Monday, July 04, 2005

Iran's human face is gone. Hardline vote-riggers have spirited it away

The recent Iranian presidential elections were a triumph for the principle of one man, one vote. And the man with the vote this time, as always, was the country’s Supreme Leader, Ayatollah Ali Khamenei. Iran’s new President, Mahmoud Ahmadinejad, may well be the choice of the urban poor, the anti-sleaze candidate and the favourite of the military. But ultimately, he’s the winner because he’s also the guy who did best with one key demographic — bearded sixtysomething clerics called Ali who enjoy wielding supreme power within theocratic republics.

Even before the first vote was cast, a thousand potential presidential candidates were barred from running by the state’s Guardian Council, itself hand-picked by Ayatollah Khamenei. The two rounds of voting that Iran just held were charades, Potemkin exercises designed to give the outside world the illusion that the Islamic Republic could hold an open election and sustain the lie that its leaders enjoy popular backing.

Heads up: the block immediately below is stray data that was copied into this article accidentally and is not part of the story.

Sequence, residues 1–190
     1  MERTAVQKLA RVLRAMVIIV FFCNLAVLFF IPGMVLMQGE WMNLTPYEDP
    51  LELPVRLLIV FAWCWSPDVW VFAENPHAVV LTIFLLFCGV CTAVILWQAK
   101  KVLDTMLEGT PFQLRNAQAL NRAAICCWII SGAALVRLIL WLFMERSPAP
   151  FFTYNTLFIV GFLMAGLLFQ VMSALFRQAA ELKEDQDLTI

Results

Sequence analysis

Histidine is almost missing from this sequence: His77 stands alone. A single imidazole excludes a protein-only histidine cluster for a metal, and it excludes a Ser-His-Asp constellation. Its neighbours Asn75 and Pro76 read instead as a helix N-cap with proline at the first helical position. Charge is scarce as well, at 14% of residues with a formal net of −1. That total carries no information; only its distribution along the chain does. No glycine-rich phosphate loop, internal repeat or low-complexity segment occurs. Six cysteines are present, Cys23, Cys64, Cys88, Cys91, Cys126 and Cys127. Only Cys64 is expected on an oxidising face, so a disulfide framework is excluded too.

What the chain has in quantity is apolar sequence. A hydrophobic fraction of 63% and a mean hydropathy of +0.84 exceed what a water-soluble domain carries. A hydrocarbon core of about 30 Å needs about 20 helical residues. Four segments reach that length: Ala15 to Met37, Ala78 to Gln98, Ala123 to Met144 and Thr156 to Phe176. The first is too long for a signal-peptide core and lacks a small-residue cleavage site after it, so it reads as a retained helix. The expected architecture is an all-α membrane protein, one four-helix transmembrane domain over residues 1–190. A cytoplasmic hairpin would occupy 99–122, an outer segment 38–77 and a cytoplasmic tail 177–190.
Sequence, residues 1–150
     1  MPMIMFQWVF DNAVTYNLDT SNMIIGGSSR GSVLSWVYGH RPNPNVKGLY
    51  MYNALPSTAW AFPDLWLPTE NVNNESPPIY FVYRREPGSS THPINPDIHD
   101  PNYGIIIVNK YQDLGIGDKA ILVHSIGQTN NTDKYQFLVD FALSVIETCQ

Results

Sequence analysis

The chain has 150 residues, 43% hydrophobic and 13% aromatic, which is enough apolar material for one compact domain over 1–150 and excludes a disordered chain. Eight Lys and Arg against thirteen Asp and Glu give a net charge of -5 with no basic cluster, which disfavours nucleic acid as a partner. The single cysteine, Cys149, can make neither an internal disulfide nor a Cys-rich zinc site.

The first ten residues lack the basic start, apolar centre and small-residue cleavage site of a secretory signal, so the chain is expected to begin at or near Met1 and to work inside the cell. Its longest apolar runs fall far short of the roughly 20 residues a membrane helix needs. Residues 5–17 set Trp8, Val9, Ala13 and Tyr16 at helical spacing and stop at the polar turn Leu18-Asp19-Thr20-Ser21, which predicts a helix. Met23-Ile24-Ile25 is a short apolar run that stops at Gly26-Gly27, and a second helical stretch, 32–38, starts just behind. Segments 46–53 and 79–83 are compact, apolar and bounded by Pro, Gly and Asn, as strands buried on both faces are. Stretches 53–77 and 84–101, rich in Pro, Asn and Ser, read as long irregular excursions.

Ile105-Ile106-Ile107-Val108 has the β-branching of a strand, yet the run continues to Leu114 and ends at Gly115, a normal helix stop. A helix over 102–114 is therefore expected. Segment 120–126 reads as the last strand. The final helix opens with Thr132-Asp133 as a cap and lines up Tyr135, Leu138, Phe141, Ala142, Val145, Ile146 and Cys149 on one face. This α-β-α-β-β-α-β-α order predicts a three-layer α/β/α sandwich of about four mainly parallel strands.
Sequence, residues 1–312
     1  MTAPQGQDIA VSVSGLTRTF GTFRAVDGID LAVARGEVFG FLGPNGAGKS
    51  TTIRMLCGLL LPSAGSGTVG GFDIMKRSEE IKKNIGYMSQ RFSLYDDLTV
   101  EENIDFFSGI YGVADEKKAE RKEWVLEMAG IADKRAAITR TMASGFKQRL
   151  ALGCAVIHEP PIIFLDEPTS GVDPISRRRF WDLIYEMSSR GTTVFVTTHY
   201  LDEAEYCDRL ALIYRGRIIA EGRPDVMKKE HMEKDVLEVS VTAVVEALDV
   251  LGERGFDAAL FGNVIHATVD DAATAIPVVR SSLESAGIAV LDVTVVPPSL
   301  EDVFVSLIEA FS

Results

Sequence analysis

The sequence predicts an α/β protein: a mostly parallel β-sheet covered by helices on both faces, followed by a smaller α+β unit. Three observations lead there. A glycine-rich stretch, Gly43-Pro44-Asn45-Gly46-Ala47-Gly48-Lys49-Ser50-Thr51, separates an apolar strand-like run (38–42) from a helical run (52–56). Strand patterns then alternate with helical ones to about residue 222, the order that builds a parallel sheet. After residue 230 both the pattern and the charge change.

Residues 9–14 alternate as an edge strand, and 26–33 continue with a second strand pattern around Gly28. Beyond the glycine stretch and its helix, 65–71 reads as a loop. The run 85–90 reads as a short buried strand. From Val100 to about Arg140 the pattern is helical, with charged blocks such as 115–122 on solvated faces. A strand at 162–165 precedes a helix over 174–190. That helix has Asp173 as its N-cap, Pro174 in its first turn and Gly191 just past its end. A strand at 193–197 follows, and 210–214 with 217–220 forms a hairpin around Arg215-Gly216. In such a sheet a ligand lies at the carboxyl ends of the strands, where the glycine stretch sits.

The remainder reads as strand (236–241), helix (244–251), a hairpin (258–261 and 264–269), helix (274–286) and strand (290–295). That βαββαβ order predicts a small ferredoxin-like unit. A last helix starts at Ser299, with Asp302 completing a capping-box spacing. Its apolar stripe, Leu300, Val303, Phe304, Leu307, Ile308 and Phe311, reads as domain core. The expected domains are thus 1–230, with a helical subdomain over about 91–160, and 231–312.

The television pictures of voters queueing to get to the polls were taken from previous elections, the polling stations themselves were policed by fundamentalist militias, ballot papers were held in reserve to ensure the vote went the prescribed way and the figures eventually announced were manufactured in a fashion that would have brought a tear to the eye of Saddam himself.


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